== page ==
Lynda age 4 with decent hair

Favorite Childhood Movie and/or TV Show: I’ve always been a huge television and movie lover. The first movie I remember seeing in the theater was "The Apple Dumpling Gang." I think if I had to name a favorite, it would be "The Wizard of Oz." Never tired of that one, even if the wicked witch did visit me in my dreams. Television-wise, favorites included "Happy Days," "Eight is Enough," and "The Land of the Lost" (which was nothing like Will Ferrell’s disgusting movie version, by the way). I also remember my dad wouldn’t let us watch "Scooby Doo" because it was too scary. Yet, he took my brothers and me to the midnight movies to see "Jaws" in 3D. Am I the only one who questions this? 
Lynda Disney Parade - During a trip to Disney World in Florida, she was selected to be in the parade. :-)

Favorite Childhood Book: Every time we’d visit my grandparents, I’d pull the Dr. Seuss books off the shelf, two in particular - oversized copies of The Sneeches and Yertle the Turtle. Loved those. As I got older, I devoured books. The Bobsey Twins series, The Little House on the Prairie series, Cherry Ames, Ramona the Pest…I do remember a series I read as a teenager that I couldn’t get enough of. It was by author John Benton and all the titles had individual girl’s names. The main characters were prostitutes, drug addicts, and alcoholics and they always found God, ending up at a Christian half-way house. I haven’t been able to find those books since. But they affected me deeply at that time.

Favorite Childhood Activity/Pastime: This sounds really silly, but I used to lie on my bedroom floor against my closet and throw a super ball up at the wall for hours, making up story after story. Then again, it may not sound all that silly to those who know me. LOL. Another thing I loved to do was write stories and draw caricature pictures to go along with them. I also used to rework popular plays like Cinderella, changing the words, for my cousins and me to perform. And, of course, reading was always at the top of my list of things to do.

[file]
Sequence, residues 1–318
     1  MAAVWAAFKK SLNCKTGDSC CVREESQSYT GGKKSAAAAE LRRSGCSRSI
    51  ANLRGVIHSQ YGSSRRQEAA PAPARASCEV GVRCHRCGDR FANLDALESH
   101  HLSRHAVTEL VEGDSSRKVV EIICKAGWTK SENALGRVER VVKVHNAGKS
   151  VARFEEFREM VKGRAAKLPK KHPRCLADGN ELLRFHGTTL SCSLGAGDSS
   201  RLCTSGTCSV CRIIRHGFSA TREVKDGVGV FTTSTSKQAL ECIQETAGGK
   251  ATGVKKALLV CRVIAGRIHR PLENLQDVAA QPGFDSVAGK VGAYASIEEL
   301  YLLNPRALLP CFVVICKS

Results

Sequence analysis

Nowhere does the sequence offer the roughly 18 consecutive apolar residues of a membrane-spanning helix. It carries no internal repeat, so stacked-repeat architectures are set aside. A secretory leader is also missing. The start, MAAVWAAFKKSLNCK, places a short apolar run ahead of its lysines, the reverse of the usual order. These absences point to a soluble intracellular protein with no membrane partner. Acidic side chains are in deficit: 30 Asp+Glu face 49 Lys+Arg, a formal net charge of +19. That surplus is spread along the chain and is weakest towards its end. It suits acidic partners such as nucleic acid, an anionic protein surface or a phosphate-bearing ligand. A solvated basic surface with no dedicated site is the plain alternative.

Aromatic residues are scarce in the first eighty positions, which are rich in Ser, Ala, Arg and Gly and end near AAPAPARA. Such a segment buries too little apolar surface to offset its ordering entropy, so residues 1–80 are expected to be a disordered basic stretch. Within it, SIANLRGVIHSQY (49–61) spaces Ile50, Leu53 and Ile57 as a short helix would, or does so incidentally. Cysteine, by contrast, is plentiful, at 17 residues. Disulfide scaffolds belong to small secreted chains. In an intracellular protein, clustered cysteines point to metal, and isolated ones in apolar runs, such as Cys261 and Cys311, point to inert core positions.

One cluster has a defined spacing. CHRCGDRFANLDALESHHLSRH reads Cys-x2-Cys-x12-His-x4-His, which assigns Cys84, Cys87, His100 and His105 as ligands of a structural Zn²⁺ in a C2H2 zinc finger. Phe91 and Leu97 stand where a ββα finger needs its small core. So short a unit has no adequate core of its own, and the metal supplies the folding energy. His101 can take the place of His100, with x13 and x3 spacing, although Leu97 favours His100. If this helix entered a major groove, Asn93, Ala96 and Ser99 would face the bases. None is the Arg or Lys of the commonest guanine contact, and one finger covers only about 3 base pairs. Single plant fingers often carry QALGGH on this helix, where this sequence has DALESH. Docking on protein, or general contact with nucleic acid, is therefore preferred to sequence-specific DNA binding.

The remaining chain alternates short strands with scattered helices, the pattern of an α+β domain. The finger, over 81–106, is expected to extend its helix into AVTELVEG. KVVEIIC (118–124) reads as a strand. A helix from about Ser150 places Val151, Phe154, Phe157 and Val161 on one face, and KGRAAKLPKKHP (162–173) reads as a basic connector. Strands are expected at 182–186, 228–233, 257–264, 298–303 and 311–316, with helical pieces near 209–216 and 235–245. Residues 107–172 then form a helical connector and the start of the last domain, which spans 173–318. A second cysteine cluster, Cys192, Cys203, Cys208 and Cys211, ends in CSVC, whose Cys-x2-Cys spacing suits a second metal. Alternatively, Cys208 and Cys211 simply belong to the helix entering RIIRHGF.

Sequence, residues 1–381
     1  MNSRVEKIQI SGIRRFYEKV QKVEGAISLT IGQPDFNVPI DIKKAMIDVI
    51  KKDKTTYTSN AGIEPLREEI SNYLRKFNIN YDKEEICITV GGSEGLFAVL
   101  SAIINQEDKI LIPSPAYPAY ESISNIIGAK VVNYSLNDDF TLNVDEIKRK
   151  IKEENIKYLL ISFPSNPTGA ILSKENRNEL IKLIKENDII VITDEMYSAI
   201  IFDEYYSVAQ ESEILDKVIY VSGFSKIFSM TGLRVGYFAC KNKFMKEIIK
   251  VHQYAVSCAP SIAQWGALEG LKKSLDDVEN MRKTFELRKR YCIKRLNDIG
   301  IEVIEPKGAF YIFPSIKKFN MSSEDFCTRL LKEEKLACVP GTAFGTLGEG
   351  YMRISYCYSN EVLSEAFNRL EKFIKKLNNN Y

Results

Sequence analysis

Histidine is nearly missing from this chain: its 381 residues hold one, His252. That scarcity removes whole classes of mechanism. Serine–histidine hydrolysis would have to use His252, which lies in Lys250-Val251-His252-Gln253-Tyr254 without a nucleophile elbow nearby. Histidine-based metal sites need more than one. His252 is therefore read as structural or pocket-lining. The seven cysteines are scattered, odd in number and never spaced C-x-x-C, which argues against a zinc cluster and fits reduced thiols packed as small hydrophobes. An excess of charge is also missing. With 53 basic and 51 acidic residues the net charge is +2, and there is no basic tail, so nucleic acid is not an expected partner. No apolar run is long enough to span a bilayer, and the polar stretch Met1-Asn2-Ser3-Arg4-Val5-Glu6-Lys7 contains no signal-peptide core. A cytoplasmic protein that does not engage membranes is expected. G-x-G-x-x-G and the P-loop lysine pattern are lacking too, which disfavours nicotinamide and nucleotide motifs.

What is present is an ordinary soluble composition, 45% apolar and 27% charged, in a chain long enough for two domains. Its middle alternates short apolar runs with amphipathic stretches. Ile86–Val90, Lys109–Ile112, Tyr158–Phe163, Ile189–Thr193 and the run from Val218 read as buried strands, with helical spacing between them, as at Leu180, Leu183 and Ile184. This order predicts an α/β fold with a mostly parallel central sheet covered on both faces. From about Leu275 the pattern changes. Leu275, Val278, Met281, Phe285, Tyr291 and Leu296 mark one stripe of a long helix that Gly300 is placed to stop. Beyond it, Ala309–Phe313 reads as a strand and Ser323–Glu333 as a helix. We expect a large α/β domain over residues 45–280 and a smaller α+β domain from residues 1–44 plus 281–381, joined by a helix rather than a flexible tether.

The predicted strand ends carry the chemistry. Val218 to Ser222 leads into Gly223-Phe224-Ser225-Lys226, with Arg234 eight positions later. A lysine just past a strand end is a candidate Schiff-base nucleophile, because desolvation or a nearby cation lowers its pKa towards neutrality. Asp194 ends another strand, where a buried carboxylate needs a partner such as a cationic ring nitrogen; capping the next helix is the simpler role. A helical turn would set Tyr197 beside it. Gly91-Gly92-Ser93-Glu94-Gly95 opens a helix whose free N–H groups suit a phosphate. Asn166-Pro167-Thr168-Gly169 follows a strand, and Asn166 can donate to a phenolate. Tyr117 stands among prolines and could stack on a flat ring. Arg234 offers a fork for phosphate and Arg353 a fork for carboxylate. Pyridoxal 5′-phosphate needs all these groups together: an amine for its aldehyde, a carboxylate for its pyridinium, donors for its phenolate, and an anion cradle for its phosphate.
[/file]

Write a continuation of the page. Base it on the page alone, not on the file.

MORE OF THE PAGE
Lynda in another haircut and on the phone (with her imaginary characters?)
Did you pass notes or have a pen pal as a child? Both. I constantly wrote notes and letters to my friends and boyfriends. I also had a Pen Pal from Ohio. I wish I could remember her name.

Best friends?: They changed through the years. I had lots of good friends, but I’d honestly say I never had a friend who totally “got” me and that I clicked with as much as when I started meeting other writers. 

Any Childhood Pets? We had several parakeets. Only one at a time, though. Tiki was the bird we had the longest. He eventually died from starvation because no one fed him. I still feel guilty about that. TikiToo didn’t last as long but at least we weren’t to blame for his death. We also had the longest living goldfish in the history of the world, I think. He lived for several years. Until someone poured beer in the bowl at one of my B.C. (before Christ) parties. Not one of my proudest moments. (I hope I don’t get hate mail about this. I’ve repented…really!) 

Anything else you would like to share with readers about your childhood which affected the writer you have become? I started out writing poetry (horrendous, horrendous poetry). The first short story I remember writing was called The Summer I Went to Honolulu, with caricature drawings to go with it. My 6th grade teacher loved the first few pages and encouraged me to submit it to a particular contest. I never finished it and never entered. I regret that, but I remember that as being the first time I considered writing as a possibility for me.